Golf course designer Bruce Charlton joins the podcast
One of the first things any golfer learns is that golf is not a competition of a player against an opponent, or a field of opponents. Rather, golf is a sport in which a golfer’s opponent is the course itself.
This week on Ground Under Repair, my guest describes himself as a “goalie” in that regard. Yes, this week the podcast discusses golf course design with the President and Chief Design Officer at Robert Trent Jones II Golf Course Architects. In that position working for one of golf’s premier design companies, Bruce Charlton has had a major hand in the design of courses around the world.
As it turns out, that lesson that golf’s opponents are the courses applies to the people who design them as well. While Bruce does not mean for his creations to antagonize golfers, it is important that a new golf course challenge golfers of all levels.
Likewise, a truly great course will give people options to avoid danger, lay up, and take on the course on the course’s terms. As is explained in the podcast, that might be the biggest difficulty of designing a course.
To design golf courses, one must prepare young. Bruce describes his own journey to golf course design, including what he studied in college and how he used that in the real world. Underlining all of it, you can tell just listening that he has a tremendous love of nature, as one would have to in his line of work.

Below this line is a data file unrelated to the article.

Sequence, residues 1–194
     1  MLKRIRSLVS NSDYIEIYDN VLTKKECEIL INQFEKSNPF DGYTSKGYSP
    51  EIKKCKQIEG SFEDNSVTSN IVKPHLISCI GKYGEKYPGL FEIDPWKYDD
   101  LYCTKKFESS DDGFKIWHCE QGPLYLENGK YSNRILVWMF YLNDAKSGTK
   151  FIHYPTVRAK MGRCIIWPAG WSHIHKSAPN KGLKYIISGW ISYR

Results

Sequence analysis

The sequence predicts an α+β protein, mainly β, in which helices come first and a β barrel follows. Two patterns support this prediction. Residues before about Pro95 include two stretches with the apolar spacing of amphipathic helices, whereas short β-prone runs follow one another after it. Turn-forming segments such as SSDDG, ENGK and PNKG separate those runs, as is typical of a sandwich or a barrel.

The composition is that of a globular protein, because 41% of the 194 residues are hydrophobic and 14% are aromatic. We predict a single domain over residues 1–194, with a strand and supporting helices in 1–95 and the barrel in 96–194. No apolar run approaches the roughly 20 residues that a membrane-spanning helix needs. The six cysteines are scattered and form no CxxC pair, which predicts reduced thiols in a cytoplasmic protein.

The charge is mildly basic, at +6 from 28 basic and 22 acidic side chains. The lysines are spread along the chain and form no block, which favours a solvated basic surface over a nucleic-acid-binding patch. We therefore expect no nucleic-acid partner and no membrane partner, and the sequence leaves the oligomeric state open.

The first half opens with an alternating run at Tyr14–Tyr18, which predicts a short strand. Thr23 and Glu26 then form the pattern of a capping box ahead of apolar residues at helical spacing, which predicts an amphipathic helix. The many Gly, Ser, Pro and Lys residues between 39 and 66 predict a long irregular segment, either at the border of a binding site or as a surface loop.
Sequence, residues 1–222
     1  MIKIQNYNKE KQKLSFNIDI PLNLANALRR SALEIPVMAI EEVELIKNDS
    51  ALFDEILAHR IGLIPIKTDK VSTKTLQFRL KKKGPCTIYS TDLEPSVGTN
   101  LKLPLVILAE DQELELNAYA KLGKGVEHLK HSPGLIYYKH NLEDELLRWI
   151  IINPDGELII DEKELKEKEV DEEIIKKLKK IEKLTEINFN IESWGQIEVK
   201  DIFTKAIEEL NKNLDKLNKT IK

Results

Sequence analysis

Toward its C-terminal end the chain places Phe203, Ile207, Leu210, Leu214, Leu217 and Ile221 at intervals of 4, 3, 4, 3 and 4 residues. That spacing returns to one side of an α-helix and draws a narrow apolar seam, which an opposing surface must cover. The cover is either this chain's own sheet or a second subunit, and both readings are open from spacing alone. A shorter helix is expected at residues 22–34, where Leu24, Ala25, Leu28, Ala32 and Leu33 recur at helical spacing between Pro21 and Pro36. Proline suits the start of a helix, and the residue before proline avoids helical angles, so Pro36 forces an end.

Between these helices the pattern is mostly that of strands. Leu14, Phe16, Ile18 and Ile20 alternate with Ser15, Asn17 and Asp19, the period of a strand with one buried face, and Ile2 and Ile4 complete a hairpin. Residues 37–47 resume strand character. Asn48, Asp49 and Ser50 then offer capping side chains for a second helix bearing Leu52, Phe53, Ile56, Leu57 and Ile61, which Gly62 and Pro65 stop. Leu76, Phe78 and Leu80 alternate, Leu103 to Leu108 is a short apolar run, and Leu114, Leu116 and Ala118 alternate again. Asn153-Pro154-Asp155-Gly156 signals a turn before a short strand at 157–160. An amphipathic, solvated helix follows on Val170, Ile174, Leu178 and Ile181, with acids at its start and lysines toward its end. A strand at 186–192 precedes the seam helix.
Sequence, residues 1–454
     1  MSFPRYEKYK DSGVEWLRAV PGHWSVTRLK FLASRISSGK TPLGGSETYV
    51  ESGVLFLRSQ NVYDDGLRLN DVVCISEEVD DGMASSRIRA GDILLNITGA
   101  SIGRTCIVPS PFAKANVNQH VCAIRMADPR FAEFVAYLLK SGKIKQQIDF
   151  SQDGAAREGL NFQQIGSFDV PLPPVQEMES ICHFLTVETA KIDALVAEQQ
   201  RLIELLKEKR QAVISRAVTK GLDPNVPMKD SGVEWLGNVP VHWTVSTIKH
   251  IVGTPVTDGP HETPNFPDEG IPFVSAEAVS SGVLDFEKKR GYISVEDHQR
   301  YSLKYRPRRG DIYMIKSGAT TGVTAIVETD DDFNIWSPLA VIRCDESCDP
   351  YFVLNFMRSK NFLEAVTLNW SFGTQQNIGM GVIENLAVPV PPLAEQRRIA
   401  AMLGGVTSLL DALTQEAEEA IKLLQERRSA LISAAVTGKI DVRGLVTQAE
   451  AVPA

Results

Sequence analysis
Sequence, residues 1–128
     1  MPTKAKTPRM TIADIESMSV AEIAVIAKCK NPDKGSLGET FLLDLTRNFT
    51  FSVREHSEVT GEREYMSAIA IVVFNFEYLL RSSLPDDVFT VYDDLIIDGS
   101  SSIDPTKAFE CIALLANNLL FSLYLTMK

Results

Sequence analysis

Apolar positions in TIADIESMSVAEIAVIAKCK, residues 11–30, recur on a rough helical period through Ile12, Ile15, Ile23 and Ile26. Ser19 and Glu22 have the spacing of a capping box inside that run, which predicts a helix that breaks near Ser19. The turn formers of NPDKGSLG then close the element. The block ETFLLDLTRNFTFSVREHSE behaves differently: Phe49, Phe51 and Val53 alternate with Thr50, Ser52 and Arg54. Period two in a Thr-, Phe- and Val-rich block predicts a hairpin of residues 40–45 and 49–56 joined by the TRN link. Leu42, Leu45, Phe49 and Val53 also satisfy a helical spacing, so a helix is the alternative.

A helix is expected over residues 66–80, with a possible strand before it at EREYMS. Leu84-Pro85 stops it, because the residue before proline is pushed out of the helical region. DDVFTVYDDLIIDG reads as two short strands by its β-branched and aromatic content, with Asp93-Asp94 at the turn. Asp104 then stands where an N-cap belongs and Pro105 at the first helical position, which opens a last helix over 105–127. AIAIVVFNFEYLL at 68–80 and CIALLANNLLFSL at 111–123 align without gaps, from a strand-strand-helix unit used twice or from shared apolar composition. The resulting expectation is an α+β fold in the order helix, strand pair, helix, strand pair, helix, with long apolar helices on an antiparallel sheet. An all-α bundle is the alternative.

One of Charlton’s courses is Chambers Bay, which hosted the 2015 US Open. Bruce discusses what it’s like to have a design he worked on host such a big tournament. The US Open in particular is not one for the high handicapper, and the process of taking a public course and turning it into something that gave Dustin Johnson fits is laid out this week.
Our guest this week also tells us of working with Robert Trent Jones Jr., whose name of course is on the door of the building where Bruce goes to work. The two worked together ever since Bruce graduated college, and the designer makes it obvious that golf course design is an industry where people influence proteges.
Likewise, one person does not create a golf course by himself. RTJ II puts together teams that work together in putting these courses together, and my guest this week goes out of his way to acknowledge that he did not complete his courses alone.
Most notably, there is a tip in here that can only come from a course designer. Listen carefully to how Bruce Charlton talks about good golf courses being designed so golfers of every level have somewhere to go. Indeed, if you look hard enough before you hit a tough shot, you might see a landing area that you’ll find easier to hit, and easier to play from.
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